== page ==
This adds up to 538 electoral votes in total; a presidential candidate must receive at least 270 votes to win. With the exception of Maine and Nebraska, the other 48 states and Washington, D.C. use a “winner-take-all” system where the candidate who receives the plurality, or most, of the state’s popular vote, even if by the smallest of margins, wins all the electoral votes. Maine and Nebraska, on the other hand, divide their electoral votes where the winner of the statewide vote receives two electoral votes and the remaining electoral votes are divided based on the relevant winner in each congressional district. For example, Nebraska has five electoral votes and in 2020, four of those votes went to Donald Trump (two for winning the overall statewide vote and two for winning two of the state’s three congressional districts) and one vote went to Joe Biden (for winning the state’s Omaha-based congressional district).

Who are the electors and how are they chosen? 

Before Election Day, state legislatures have the authority to determine the “manner” in which electors are chosen. The Constitution doesn’t say much about who these electors are, but does ban anyone who holds an elected or appointed federal position from being selected. Consequently, states have outlined their own processes and expectations for appointing electors. Typically, the state Democratic or Republican parties choose state lawmakers, activists or personalities with strong ties to that party.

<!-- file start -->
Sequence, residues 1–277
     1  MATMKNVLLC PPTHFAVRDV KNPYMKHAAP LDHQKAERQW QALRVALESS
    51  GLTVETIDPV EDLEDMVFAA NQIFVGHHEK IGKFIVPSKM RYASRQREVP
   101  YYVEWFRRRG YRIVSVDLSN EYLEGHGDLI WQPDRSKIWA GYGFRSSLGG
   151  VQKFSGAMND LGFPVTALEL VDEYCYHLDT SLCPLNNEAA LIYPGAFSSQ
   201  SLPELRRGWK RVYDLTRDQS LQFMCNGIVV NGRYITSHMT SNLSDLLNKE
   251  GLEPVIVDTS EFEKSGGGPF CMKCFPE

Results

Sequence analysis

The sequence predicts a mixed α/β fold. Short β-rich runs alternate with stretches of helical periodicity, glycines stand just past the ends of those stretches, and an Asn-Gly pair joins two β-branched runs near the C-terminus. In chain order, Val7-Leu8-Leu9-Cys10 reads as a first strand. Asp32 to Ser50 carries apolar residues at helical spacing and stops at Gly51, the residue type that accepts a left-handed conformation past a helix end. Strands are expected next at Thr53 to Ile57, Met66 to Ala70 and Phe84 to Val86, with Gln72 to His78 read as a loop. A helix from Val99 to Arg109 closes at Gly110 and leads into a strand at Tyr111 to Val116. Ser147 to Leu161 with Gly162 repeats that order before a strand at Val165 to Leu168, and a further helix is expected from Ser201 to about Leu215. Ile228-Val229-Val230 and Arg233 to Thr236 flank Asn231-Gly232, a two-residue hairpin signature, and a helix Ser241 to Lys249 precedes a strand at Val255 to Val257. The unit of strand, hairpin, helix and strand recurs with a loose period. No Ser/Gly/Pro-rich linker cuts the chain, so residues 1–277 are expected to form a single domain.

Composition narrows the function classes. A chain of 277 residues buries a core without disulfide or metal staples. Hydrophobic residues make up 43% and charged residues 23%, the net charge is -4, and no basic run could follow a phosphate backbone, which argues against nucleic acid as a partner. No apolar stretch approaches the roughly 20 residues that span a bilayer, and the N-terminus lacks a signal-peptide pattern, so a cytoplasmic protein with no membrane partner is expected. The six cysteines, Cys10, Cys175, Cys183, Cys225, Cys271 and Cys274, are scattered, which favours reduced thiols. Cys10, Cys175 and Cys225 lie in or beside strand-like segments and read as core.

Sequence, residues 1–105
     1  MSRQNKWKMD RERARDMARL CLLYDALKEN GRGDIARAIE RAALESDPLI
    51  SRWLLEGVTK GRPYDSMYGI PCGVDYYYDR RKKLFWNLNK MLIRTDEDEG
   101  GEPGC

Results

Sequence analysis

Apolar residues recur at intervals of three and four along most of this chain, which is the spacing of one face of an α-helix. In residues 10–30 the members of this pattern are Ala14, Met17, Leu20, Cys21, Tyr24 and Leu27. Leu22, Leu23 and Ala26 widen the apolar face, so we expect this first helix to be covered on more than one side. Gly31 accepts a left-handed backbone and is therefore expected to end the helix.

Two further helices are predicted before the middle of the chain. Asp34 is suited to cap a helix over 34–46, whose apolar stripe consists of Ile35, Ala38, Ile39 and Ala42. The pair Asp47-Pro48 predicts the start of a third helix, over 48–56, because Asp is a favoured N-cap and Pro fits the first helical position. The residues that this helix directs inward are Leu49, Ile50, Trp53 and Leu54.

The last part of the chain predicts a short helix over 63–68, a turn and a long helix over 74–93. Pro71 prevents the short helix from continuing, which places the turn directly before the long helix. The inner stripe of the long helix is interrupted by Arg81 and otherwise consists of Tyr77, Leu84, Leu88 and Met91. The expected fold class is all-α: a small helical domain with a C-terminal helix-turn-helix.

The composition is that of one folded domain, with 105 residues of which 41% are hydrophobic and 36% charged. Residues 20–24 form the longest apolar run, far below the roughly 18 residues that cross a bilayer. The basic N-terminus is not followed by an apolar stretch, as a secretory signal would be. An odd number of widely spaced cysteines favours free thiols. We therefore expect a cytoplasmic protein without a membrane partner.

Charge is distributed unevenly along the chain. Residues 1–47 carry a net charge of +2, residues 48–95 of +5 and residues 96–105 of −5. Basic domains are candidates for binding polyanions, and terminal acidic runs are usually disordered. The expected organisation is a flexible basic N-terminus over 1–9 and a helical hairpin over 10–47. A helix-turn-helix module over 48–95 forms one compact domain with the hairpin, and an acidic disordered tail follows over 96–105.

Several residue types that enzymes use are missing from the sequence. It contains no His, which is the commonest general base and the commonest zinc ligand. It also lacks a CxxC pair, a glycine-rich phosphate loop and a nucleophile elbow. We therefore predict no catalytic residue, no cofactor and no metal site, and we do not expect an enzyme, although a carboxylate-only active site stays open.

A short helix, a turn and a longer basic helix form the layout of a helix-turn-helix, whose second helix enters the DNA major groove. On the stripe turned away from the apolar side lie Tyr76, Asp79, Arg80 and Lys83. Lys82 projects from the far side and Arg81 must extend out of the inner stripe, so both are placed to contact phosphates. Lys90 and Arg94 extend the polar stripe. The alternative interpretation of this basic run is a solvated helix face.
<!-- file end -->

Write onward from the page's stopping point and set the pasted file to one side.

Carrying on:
Here’s an example: By September 2020, the Massachusetts Democratic and Republican parties, as well as the Libertarian and Green parties, had each selected their respective electors — 11 individuals for each party, reflective of the Bay State’s 11 electoral votes. After the presidential election in November when President Joe Biden won 65% of the statewide vote, only the 11 Democratic party electors were appointed to be the state’s electors because the Democratic candidate received more votes. To reiterate, when you vote to select a presidential candidate of your choice, you are technically casting a vote to determine which party’s slate of electors will represent your state.